Summary of The Affordable Care Act

Examining the Facts

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The Affordable Care Act book summary
A clear, in-depth, neutral appraisal of the US Affordable Care Act debate.

Rating

9 Overall

9 Applicability

9 Innovation

8 Style

Recommendation

Health care affects everyone. Americans pay more for it and receive less in return than the people in any other industrialized nation. It accounts for almost one-fifth of America’s GDP and employs millions of people. The controversy and confusion surrounding the Affordable Care Act (ACA) – which represented the biggest change in US health care history – continues unabated years after its narrow, entirely partisan passage in 2010 under the nickname “Obamacare.” Few Americans understand the ACA. Exaggerated claims, sensationalism and outright lies from both sides of the debate make the whole thing incomprehensible to many. Health care policy professor Purva H. Rawal’s objective, nonpartisan reference guide to the ACA may not have you on the edge of your seat, but you’ll come away understanding the law, how it reached this stage and where US health care may be headed. Given the presidential election results, more change is likely. While always politically neutral, getAbstract recommends this manual as rich in research and long on facts.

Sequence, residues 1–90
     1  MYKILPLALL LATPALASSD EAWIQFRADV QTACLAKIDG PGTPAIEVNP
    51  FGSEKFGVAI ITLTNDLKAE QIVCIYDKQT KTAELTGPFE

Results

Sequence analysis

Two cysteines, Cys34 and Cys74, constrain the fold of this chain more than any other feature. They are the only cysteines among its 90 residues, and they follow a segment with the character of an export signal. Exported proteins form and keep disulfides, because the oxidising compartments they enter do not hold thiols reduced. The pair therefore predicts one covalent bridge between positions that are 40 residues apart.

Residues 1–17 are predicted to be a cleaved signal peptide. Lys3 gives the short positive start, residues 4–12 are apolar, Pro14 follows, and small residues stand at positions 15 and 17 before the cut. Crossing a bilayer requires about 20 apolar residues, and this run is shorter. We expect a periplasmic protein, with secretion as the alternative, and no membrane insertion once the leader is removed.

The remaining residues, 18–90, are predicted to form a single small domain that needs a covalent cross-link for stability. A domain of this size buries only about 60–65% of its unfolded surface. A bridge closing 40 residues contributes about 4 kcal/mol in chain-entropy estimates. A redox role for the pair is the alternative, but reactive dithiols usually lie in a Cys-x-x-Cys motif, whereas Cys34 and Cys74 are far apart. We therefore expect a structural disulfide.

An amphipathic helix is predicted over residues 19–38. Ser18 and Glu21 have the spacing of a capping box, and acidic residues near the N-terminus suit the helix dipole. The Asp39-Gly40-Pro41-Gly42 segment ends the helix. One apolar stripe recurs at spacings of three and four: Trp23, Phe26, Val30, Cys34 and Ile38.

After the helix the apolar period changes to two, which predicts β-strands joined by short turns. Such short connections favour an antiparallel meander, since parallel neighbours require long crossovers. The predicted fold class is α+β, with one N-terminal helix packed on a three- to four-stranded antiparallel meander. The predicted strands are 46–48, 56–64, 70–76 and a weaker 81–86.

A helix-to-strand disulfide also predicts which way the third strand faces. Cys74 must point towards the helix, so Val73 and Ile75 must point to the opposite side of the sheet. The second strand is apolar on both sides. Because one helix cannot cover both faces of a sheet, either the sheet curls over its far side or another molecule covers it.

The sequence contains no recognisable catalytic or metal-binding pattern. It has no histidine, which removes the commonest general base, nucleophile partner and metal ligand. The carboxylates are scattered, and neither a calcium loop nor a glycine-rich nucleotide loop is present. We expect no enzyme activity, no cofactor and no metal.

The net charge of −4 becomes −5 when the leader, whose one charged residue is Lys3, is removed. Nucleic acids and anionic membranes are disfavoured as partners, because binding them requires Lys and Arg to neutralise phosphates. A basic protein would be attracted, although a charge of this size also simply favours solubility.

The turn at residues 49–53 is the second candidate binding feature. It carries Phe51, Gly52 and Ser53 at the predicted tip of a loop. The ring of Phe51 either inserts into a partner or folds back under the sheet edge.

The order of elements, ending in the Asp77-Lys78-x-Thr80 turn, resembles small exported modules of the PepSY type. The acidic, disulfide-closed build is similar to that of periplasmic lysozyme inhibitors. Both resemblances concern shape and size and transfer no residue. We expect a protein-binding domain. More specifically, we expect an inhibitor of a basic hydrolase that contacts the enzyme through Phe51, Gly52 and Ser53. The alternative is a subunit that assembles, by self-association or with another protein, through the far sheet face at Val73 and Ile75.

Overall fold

In this summary, you will learn

  • What developments led to the passage of the Affordable Care Act
  • Which claims from both sides of the debate are trustworthy and which are not
  • What changes the ACA has wrought and what future changes may await
 

Summary

“One Hundred Years of Debate”
Few issues sparked such heated discussion, for so long, as “health reform” in the US. The 2010 passage of the Affordable Care Act (ACA) followed “two years of public deliberation” – but a century of debate, ideas and proposals, many of them bipartisan...
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About the Author

Purva H. Rawal, PhD, served as a US Senate staffer during the ACA debate and joined the nonprofit sector to help implement the ACA and advise industry. She teaches health care policy at Georgetown University.


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    Victoria Littlefield 1 week ago
    This is old news and has been beaten to death in the media since the Act was passed. A better use of time is to keep an eye on how the new administration will try to replace it given their promises that theirs will be better, cheaper, and will cover pre-existing conditions.

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